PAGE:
Sky Is the Limit for Gold but Correction Risk Grows

  • Gold raged $50 per troy oz. higher after the last note posted on this site 27 March. Sitting on gold longs was my preferable strategy during the past few weeks as most other asset classes had difficulties finding their footing in either direction.
  • The long distance gold marathon higher is far from over, but it is time for traders to lock in some gains on partial positions and/or raise stops per prudent risk management.
  • Chatter builds surrounding Republican plans to revive healthcare, tax, infrastructure, and regulatory reform efforts. While there is a serious lack of budgetary space to enact the more ambitious elements of the Trump growth agenda, negative sentiment towards said reforms may have peaked for now.
  • Geopolitical risks in France of a Le Pen victory are far overblown.
  • The Korean peninsula is still a wild card but constructive developments in recent US-China relations will be sufficient to keep North Korea out of the top headline spot now that the 105 year Kim-Il anniversary has passed. The Trump Administration decision to not label China a currency manipulator is not unrelated.

Bottom line: long term gold investors should stay long and strong in their positions while shorter term traders should be more cautious by protecting recent gains in case there is a bull market correction.

gold 042017

Why It’s Time to Trade in Irrational Exuberance for Gold

We currently view long gold and miners as perhaps the strongest near term trade(s) if you believe the “Trump trade” is unwinding for the time being.

The American Health Care Act is dead in the water and it is very murky water indeed. Is volatility going to rebound? Is tax reform going to have a tough go at crossing the finishing line before the August Congressional recess? How about infrastructure spending to “rebuild America?”

Quick question: are massive deficits cool again? Or, is there a secret plan to make a trillion dollars of waste, fraud, and abuse disappear without anybody noticing in order to fund Reagan-esque tax cuts and new infrastructure? Probably neither.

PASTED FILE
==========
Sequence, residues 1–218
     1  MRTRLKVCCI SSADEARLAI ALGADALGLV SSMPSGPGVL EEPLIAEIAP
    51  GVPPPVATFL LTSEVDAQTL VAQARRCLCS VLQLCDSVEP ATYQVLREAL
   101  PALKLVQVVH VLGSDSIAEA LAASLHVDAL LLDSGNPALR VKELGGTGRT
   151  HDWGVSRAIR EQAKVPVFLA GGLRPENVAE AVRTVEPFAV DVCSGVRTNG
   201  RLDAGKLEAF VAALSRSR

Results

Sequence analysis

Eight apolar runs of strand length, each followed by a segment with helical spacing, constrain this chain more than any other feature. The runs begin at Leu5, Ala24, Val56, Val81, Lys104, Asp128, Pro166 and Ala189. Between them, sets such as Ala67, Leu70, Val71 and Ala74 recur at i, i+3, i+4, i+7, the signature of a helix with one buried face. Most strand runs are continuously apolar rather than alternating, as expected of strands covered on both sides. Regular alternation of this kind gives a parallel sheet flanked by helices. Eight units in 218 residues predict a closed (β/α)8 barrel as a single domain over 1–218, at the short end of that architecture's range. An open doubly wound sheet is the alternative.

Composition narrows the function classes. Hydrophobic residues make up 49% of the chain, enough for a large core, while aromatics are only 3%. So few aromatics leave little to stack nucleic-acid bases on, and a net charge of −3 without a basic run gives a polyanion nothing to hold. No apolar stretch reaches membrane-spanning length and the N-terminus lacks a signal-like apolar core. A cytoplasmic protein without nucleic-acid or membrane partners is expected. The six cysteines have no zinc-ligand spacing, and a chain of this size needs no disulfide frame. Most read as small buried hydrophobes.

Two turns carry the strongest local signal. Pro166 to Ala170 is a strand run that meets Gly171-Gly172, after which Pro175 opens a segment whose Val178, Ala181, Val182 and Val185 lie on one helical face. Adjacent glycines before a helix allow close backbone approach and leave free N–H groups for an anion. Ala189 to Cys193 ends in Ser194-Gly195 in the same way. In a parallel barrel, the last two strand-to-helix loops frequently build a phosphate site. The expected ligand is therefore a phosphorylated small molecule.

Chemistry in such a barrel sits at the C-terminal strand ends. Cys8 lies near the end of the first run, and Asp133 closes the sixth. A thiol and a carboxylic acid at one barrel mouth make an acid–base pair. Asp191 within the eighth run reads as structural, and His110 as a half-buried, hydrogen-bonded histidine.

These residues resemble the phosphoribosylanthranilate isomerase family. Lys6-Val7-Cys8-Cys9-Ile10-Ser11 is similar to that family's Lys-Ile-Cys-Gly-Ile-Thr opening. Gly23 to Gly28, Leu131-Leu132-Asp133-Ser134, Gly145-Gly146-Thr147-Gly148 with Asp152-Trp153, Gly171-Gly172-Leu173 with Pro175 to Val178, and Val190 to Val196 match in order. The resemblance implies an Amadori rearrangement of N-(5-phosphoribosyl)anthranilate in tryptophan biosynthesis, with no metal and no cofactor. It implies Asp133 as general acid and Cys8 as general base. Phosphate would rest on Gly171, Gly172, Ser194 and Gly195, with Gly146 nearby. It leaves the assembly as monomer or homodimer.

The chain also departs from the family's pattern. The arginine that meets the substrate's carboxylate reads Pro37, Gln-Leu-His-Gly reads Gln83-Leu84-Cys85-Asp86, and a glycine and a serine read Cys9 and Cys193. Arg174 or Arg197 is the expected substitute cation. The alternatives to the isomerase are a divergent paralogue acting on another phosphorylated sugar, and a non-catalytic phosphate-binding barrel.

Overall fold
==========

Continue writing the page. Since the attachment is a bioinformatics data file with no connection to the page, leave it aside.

It seems increasingly unlikely that after the AHCA deficit reduction savings were buried at least three feet under ground (though maybe not quite six) on Friday evening, that we now pivot to rapid enactment of $54 billion more in military pork, corporate tax cuts, deregulation, and a heap of new infrastructure investment.

Where exactly is this money coming from? House Speaker Ryan’s Border Adjusted Tax (BAT) could cover only half of the proposed deficit increases–and that is in an ideal world. Since the BAT is looking as likely to pass as AHCA, given ardent internal opposition from more than one key Republican bloc as well as the entire retail corporate sector, it would then appear to be trending toward offsetting none of the proposed deficit increases at all.

The numbers simply don’t add up for quick passage of the Trump growth agenda. Failure to pass AHCA makes the deficit math even more difficult. My base case is a delayed, scaled down version of the Trump agenda. As is typically the case, politicians love making heroic hatchet swings to the federal budget when it counts the least or when someone else is in charge. The Republicans were handed a beautiful, shiny hatchet glorious enough to make Paul Bunyan blush. The first thing they did with it was point it at immigrants and then drop it on their own foot.

Until such a time when the Trump agenda finds its second wind, it is best to trade-in the irrational exuberance for investment grade precious metals, primarily gold. When I highlighted a tradable top in bond yields on a risk/reward basis, there was plenty of low hanging fruit to be picked by buying Treasuries and closing dollar longs. The risk/reward is now more favorable for buying gold as bond yields fall, dollar declines are steepening, and oil can’t catch a bid, which means inflation expectations and growth won’t be screaming for faster Fed hikes for the time being.

The Fed was previously behind the curve as it allowed inflation to spike from low levels without wages doing the same, which as I’ve pointed out is what happens in an aging demographics world where consumer price inflation is never good for this type of economy. It only reduces real growth and wages, harming future growth. Now we have the aftermath of reduced real wages, political dysfunction, a deteriorating outlook for deficit reduction, and accelerating shale energy production into falling oil prices. Gold will shine brightly in this theme. Maybe very brightly.